Under the merger, existing debt will remain the responsibility of the respective existing entities while future debt would be shared.

Following questions from Councillors Boutestein and Dafoe on potential costs to Morinville residents, Putnam assured residents that the merger won’t have a substantial impact on cost to ratepayers. This is partially due to new efficiencies and cost savings realized as a result of having a larger organization that can more aptly utilize economies of scale to achieve reduced operational costs.

Further, Putnam was excited that the new organization would have significantly more weight behind it as the province moves towards a review of affordable and seniors’ housing, earning the new organization a guaranteed seat at the table.


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Council approves new manufactured home conceptual scheme

In a unanimous decision, Council has approved the conceptual scheme for a new manufactured home park North of 105 Avenue and West of 100 Street with a site size of 11 hectares. The first phase of the site, which will be the installation of approximately 68 units, is expected to be completed before winter, according to an associate from Prism Engineering – who is working on the project and was present at the Apr. 12 Council meeting.

Councillor Barry Turner question Administration on why this was brought forward as a ‘conceptual scheme’, rather than an Area Structural Plan, or similar mechanism. Director of Planning and Development with the Town, Greg Hofmann, responded saying that the new park already fit in with the existing Area Structure Plan, and that, as a result, there was no need to hold a public hearing about the development.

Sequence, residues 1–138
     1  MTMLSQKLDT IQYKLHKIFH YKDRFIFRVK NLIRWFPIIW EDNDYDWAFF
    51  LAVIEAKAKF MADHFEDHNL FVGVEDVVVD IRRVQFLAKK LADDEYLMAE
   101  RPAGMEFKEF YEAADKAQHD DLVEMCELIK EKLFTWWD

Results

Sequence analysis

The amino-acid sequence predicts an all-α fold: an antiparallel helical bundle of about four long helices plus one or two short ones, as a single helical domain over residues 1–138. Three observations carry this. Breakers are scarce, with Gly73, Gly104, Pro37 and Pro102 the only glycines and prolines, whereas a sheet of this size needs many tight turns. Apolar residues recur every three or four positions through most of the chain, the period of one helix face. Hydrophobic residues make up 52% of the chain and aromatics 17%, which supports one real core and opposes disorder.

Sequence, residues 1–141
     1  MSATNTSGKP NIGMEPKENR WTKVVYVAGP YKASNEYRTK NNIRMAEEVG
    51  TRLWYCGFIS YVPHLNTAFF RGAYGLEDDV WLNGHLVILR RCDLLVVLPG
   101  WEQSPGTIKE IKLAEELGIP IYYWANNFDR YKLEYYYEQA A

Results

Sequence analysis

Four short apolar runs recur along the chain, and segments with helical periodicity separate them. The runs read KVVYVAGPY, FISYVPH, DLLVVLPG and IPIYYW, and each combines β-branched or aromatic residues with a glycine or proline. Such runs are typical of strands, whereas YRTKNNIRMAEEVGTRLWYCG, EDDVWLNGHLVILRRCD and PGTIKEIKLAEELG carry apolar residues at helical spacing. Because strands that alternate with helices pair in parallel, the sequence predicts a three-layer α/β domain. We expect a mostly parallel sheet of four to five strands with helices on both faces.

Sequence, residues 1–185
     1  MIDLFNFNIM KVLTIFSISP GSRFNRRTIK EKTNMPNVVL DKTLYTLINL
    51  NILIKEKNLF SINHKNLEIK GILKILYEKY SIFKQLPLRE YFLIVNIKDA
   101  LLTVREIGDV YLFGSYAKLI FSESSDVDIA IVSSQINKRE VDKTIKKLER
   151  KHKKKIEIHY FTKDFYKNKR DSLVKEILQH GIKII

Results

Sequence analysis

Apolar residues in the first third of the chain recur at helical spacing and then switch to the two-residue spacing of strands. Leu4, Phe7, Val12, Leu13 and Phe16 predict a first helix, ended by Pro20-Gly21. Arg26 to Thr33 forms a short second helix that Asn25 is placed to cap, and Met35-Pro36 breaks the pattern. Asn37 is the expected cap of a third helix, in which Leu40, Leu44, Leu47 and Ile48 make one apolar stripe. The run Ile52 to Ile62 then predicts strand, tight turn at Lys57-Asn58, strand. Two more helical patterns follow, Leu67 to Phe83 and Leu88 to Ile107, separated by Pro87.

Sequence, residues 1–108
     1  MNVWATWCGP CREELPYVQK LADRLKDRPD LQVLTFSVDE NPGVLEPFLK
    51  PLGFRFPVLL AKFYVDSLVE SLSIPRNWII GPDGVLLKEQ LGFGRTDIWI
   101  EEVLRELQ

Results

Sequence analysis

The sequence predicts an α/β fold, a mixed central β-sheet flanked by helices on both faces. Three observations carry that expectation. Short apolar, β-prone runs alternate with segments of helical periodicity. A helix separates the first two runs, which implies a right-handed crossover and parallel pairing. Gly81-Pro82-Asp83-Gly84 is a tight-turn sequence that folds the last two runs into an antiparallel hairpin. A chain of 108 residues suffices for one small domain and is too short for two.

Councillor Gord Putnam was concerned that passing the legislation “When you have these types of situations, where you don’t go through a public hearing and people are unhappy after, the question that always comes up is ‘why didn’t I have chance to say something?’… So I just want to make sure that everyone understands that, on this side of the table, that could happen.”

Putnam went on to say that as long as the conceptual scheme is acceptable, he’s okay with moving ahead with it.

After a limited debate, Council unanimously passed the scheme excluding the absent Mayor Lisa Holmes and Councillor Brennan Fitzgerald.

Census proceeding well

New CAO Andrew Isbister gave his CAO report to Town Council on Town operations with only a few highlights.

Most notably is the currently in progress Town Census, which residents can complete themselves online until May 5th. Currently, the census has seen a 28 per cent online completion rate. Completing the census online saves money for the Town, and can be done 24 hours a day through the town website.

Council pushes return from summer recess back a week

Council unanimously approved Administration’s recommendation to take advantage of August’s five Tuesdays and move their first meeting after the summer break from Aug. 23 to Aug. 30.